The Australian and British Education Systems

NOTE – This article was not meant to be a guideline! It was teenage infuriation at disenchanted expats! If you ARE looking for information on the difference between the education systems, please check out this post which has a comparison table and links to the proper websites!

There are a lot of expats out there who are convinced the British system is superior and that Australian education falls short. They patrol around on places like PomsInOz, PomsDownUnder, and other such creatively named forums, telling horror stories about their experiences with the Australian education system. Some expats even go so far as to return to the UK solely for the education.

But are they really that bad? Realistically, is there such a gap between the standard of education that it warrants moving to a different country? Of course not! If you lived in Africa, or the Middle East, or the PNG highlands, then by all means, return to a different country to give your child a better education, but Australia and the UK are both developed nations, have a lot in common, and really, the qualify of just about anything between the two countries is more or less equal. And, to be honest, I’ve heard just as many horror stories about state schools in the UK as I have of public schools in Australia (and, given that I spend far more time in Australia than I do in the UK, that’s really saying something).

One of the first things I notice in many of these stories is that someone has moved their children from a Public or independent school in the UK to a public school in Australia. I don’t know whether it’s foolhardiness, ignorance, or genuine confusion over the name, but comparing two schools like that is like comparing apples and oranges. They’re completely different. A Public school in the UK is a privately-owned, often very exclusive and very selective school, while a public school in Australia is state-run. If you’re going to compare schools, compare UK Public schools with Australian private schools, and UK state schools with Australian public schools. There’s more of a difference between the two sorts of education than there is between the two countries, as anyone in either country ought to know, and I’m going to talk mostly about the state/public sort of education, because it’s much more unified in both countries.

To start off with, the philosophy behind education is rather different in the two countries. In the UK, the point of school is largely to learn facts to help you in later life. In Australia, the point of school is to teach you to think, to adapt and to learn for yourself. Many Australian curriculums don’t emphasise the teaching of facts as much as the teaching of life skills and independent thinking. This results in a stark contrast in the younger years between students in the UK, who often have very academic and rigorous curriculums and lots of homework, and students in Australia, who have a less rigorous curriculum and spend a lot of time doing independent and group-based research on various topics. The truth is, both students are learning pretty much the same things, it just seems from both an outside and a British perspective that the Australian kid and education system is slack.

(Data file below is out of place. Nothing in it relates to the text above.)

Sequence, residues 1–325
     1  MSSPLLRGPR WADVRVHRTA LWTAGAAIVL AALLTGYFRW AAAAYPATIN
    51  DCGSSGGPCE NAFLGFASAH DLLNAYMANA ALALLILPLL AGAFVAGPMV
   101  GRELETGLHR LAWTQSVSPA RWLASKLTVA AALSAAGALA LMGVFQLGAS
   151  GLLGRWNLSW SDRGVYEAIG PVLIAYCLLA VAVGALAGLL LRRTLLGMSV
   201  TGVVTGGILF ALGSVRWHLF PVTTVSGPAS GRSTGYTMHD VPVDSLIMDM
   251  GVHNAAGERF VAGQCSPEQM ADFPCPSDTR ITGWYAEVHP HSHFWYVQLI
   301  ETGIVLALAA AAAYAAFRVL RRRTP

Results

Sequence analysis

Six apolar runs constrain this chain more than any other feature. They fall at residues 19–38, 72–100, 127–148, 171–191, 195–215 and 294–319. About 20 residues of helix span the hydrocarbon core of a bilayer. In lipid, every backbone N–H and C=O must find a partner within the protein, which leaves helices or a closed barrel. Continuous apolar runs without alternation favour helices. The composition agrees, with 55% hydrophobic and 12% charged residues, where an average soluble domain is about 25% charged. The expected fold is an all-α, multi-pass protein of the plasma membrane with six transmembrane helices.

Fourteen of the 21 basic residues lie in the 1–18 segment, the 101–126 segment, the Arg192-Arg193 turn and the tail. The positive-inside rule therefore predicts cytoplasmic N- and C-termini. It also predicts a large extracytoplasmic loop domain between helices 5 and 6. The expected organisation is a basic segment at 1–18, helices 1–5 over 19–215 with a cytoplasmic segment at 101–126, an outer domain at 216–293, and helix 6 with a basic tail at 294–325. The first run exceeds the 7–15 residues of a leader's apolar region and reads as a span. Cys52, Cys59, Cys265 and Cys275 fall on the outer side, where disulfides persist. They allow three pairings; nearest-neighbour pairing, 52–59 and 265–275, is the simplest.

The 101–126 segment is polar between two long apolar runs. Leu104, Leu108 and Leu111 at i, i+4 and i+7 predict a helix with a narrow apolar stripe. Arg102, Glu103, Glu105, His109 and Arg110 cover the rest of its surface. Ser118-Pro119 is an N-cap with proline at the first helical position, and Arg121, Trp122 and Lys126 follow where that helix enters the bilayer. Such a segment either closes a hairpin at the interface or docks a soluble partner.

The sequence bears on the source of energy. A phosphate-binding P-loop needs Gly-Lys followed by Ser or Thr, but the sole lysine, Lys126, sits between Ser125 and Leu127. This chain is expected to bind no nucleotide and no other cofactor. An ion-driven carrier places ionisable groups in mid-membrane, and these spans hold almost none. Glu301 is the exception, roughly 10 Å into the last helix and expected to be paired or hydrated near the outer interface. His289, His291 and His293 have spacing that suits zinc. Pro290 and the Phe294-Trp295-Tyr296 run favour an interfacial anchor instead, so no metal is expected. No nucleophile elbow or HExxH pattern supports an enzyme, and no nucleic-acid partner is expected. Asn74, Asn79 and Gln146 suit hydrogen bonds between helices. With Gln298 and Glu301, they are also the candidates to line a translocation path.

From left to right: Australian facility/school, Australian Curriculum Band/framework/ School Year in both countries, child's age in both countries, UK National Curriculum Key Stage, UK school/facility.

From left to right: Australian facility/school, Australian Curriculum Band/framework/ School Year in both countries, child’s age in both countries, UK National Curriculum Key Stage, UK school/facility.

Both systems are fairly similar for the first decade or so of compulsory education, and quite a few direct comparisons can be made between the British National Curriculum, the Australian National Curriculum (which is only about half-implemented), and various Australian state curriculums. A fair indicator of how good an education system or curriculum is is whether it’s being used outside of the country it was intended for – and in both cases, it is. Aside from the usual suspects of various Commonwealth and former Empire nations (most notably India and Pakistan, as well as Afghanistan) using a British curriculum, the Middle East uses both British and Australian (Victorian and NSW) curriculums, and there are several schools in Mainland China which also use a Victorian curriculum. Unlike the British curriculum, which is used in more places worldwide, various Australian systems aren’t actively pushed in the international arena.

At a basic level, both the British and Australian National Curriculums (as well as the NSW curriculum, I believe) are made up of Key Stages (UK) or Bands (Australia), which organises education into manageable chunks and offers standards and assessments which should be reached by the end. The Key Stages/Bands more or less correspond, too, with Band 1 and Key Stage 1 being roughly analogous (Band 1 is R-2, while KS 1 is just 1 & 2), Key Stage 2 comprising Band 2 and Band 3, Key Stage 3 and Band 4 corresponding, as well as Key Stage 4 and Band 5. The ANC (as well as, I believe, the NSW and Victorian curriculums) are very strongly based on the British “Key Stage” system. In terms of what’s actually learnt, you can compare the British National Curriculum with the Australian National Curriculum as well as the Victorian and South Australian there. None of these sites, of course, gives much information beyond about Year 10, and I’ll cover that in a bit, but I’m sure you’ll find the actual material learnt is much the same, although it may be taught and applied differently.

The Australian and British systems of education are much closer in terms of schools, levels, and terminology than either is to, say, the American system, for example. Both Australian and British systems are two-cycle, which means you have one primary school of seven to eight years and one secondary school of five to six years – and unlike the American and French systems, which are three-cycle and include a primary/elementary school, a middle or junior high school, and an upper secondary or high school. Also, both places use school uniforms – and very similar-looking school uniforms, at that.